Friday, February 15, 2008


I always find it hard to step back into blogging after taking a break. So to help me write again, I thought I'd give you a list of stuff I am reading or about to read right now.

  • Evil and the Justice of God, by N T Wright. I'm about half-way through this right now. This is classic Wright: a concise, flowing post-modern aware prose, taking me through the story of the world, of Israel, and of Jesus. Its great how no matter what the topic, Wright always brings it back to the cross. One thing I find interesting is how he talks about Satan as "the Satan" (following the Hebrew) and refers to him as "it" -- refusing to ascribe God-gifted image-bearing gender to it. He reminds us that the feminists may be pushing to refer to God as "she", but strangely there is no debate to call Satan "she"! Quite right too, but as ever Wright cuts through the political mumbo-jumbo to deliver a fresh insight on otherwise familiar territory.

  • The Nature of the Atonement (Four Views. Looking forward to this one. The four views are Christus Victor (Boyd), Penal Sub (Schreiner), Healing (Reichenbach), and Kaleidoscopic (Green). I expect I will agree with both Boyd and Scheiner, and I am very curious as to what Green has to say - sounds like he might take a multiperspectivalism approach, or at least a nod in that direction.

  • Gettings Things Done by David Allen. The main thing about this "life-changing" book is that I need to actually read the darn thing. Perhaps it should come with a free pamphlet entitled "How to start and finishing reading this book".

  • Freed to Lead by Colin Buckland. Looking forward to this one.

  • Who Can Be Saved? by Terrance L Tiessen. I've read about half of this interesting book on accessibilism: the belief that the salvation that Jesus wrought on the cross extends beyond the church's proclamation of the gospel. Actually most people believe this, otherwise young children and babies who sadly die prematurely will spent eternity in a fiery hell, a picture not even the grumpiest meanest Calvinist can contemplate. However Tiessen believes that rather than having different methods of salvation for different groups, is is necessary to coherently figure out a doctrine of salvation which accounts for everyone who is saved. I've been thinking the same for many years, so its been very enjoyable to read this book. Take-away thoughts thus far are "All true Christians are saved, but salvation extends to beyond Christians" and the whole idea of the difference between guilt and culpability, again something I've noticed for a while in the gospels but have yet to see a good explanation of. I need to finish reading this one!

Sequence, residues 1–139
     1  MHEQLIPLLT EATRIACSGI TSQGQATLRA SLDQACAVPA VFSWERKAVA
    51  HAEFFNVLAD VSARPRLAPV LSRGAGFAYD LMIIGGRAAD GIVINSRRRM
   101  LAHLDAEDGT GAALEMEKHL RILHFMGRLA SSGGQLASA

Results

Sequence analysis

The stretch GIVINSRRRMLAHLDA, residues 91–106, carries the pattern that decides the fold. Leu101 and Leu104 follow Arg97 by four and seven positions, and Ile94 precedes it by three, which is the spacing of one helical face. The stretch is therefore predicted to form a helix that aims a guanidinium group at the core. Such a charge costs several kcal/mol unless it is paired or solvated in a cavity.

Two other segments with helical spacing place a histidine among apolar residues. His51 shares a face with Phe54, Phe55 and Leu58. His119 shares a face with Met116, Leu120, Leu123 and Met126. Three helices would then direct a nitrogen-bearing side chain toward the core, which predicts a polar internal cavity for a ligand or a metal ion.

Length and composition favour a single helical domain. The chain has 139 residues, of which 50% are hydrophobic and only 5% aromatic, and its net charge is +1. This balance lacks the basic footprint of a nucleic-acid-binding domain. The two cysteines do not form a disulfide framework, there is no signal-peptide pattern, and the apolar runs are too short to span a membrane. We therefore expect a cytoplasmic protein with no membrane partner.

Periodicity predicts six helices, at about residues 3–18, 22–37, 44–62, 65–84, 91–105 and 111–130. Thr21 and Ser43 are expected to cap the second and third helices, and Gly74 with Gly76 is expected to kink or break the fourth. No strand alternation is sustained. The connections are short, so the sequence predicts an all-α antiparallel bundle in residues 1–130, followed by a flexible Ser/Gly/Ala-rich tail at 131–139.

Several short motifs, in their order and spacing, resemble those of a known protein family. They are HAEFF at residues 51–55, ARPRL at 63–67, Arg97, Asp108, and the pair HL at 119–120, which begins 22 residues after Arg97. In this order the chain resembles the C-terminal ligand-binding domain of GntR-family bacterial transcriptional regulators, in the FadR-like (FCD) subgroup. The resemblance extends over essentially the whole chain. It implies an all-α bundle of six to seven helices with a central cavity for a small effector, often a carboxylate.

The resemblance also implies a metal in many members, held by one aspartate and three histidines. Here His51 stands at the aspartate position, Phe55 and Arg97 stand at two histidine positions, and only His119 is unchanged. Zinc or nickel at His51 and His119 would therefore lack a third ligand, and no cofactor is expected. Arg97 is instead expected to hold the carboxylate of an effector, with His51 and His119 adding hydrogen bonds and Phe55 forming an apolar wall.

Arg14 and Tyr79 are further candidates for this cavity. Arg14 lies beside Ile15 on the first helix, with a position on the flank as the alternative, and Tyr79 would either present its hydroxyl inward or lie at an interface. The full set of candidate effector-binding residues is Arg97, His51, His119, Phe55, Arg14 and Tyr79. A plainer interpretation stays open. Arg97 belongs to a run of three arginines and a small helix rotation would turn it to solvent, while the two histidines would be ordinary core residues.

• Understanding Power by Noam Chomsky. From the minute I picked up this book I have found it hard to put it down. This guy is a genius. Within pages he exposes the level of corruption and control within the United States. After 44 pages, I am already convinced that the United States is currently the best candidate for an "Antichrist", if ever there was one (and I'm not sure that there is!). Lets face it, the US has an awful lot of power, a very biased and controlled media, and military forces stationed all over the world. Its responsible for the deaths of countless hundreds of thousands of civilians over the last 60 years. The only problem with this book is that at the moment it leaves me feeling quite down and depressed about global politics. A brilliant expose of the Powers that be in todays world. So much for Christian America.

1 comment:

Peter Kirk said...

Thanks, Alistair, for picking a selection of books which I now really feel I want to read - which I don't feel about most books reviewed in the blogs I read.